Liquid versus solid breakfast types may have an influence on appetite due to gastric rate of delivery and release of gut hormones in response. In adults, a study found that the satiating power of protein was stronger when consumed in a solid form with water than when consumed a liquid form [15] . Foods high in carbohydrate and high in fat also seem to be more satiating when ingested as a solid than as a liquid [16] . This has been suggested to be valid in adolescents where volunteers reported lower appetite, as in our study, during two hours after a protein-rich solid breakfast compared to a liquid version [17] .

It has been shown that breakfast consumers lost more weight when they did not eat breakfast, and conversely, those who regularly skipped breakfast lost more weight when they were made to eat a standard breakfast, which suggests that changing the usual eating pattern may have a greater effect than breakfast per se in those aiming to lose weight [18] . The effect of omitting breakfast in regular eaters as opposed to reintroducing breakfast to those who skip breakfast both report similar effects in regard to energy intake. In our study, volunteers were regular breakfast eaters and results may be different for those who do not habitually consume breakfast.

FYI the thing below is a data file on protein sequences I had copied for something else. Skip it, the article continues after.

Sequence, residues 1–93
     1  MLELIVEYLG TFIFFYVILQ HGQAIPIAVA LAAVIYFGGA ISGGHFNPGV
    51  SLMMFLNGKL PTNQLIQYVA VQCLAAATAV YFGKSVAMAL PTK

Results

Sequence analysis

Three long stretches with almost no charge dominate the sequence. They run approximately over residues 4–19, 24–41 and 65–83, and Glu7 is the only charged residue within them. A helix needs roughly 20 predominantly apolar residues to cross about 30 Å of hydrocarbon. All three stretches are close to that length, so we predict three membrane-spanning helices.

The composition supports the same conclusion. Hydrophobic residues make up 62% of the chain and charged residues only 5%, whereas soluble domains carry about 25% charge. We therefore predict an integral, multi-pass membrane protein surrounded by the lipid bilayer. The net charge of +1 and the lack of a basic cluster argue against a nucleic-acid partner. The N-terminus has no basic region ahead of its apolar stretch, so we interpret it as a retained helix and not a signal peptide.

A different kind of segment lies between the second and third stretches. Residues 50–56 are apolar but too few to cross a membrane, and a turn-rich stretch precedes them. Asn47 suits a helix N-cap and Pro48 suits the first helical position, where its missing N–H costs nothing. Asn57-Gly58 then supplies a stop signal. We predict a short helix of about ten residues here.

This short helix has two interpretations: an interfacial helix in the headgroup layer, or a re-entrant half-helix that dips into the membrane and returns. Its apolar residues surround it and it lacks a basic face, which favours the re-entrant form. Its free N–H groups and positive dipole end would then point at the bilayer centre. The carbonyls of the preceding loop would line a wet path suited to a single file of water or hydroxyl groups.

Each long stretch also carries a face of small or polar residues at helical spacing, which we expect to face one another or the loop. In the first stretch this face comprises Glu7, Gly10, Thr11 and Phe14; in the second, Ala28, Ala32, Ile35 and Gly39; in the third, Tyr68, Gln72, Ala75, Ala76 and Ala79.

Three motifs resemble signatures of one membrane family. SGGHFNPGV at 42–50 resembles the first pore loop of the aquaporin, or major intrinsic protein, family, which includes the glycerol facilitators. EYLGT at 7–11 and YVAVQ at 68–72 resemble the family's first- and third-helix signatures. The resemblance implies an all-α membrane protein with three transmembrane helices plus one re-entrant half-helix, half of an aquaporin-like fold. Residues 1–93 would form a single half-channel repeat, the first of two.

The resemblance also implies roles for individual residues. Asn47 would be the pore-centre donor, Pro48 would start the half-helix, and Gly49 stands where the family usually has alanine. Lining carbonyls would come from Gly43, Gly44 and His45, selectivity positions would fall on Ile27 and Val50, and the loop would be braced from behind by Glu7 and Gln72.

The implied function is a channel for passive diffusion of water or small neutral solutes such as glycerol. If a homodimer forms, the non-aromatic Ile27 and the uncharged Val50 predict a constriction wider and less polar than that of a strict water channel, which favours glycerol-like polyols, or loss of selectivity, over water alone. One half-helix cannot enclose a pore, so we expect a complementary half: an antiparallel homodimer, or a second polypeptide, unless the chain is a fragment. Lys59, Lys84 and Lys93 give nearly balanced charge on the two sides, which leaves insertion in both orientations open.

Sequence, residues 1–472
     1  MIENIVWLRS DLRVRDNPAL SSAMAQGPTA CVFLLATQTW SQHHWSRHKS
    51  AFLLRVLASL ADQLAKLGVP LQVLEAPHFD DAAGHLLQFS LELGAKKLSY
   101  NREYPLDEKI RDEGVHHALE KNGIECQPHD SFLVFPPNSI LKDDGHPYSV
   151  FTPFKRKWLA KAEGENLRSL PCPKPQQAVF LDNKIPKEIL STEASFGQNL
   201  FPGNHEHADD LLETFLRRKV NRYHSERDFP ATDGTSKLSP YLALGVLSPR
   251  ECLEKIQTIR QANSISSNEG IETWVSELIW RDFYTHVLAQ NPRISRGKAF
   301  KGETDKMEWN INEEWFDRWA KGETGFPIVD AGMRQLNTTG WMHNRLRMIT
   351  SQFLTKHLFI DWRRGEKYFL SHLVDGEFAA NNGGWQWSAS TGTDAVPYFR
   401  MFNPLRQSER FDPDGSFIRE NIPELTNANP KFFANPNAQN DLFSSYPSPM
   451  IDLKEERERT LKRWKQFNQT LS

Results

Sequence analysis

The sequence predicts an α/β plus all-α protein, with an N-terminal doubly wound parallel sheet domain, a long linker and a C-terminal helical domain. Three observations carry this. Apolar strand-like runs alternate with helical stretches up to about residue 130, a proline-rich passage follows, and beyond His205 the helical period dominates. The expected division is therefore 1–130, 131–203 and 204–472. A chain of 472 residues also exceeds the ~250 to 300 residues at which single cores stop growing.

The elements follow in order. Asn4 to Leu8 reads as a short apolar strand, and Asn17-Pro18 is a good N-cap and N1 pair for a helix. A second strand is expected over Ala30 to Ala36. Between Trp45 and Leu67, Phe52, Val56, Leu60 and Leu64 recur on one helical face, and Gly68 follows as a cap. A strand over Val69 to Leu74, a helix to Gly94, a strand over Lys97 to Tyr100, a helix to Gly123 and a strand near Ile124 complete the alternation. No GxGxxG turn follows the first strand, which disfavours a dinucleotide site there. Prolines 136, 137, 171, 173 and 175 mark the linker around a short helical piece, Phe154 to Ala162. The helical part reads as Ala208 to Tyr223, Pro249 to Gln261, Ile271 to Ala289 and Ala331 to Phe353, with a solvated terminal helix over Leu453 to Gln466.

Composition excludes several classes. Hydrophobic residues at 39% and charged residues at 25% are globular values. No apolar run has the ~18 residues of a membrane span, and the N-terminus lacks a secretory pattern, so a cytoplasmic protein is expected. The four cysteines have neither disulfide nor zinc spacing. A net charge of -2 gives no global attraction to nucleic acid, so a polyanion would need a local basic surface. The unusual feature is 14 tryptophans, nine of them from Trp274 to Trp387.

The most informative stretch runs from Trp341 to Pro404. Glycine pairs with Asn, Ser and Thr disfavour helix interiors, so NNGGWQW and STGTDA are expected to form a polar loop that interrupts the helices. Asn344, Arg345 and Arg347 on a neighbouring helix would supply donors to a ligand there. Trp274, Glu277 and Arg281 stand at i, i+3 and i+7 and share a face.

5. Conclusion

These findings provide insight into the effects of breakfast meals on appetite and suggest that further research is warranted. Breakfast meal type is an important choice influencing morning motivation to eat during weight loss.


The Rowett Institute and Biomathematics and Statistics Scotland are grateful to the Scottish Government for funding this work. We thank the Rowett Human Nutrition Unit staff for their technical help with the interven- tions. Staff members who helped include Jean Bryce, Nina Lamza and Karen Taylor.

The Rowett Institute and Biomathematics and Statistics Scotland are grateful to the Scottish Government for funding this work.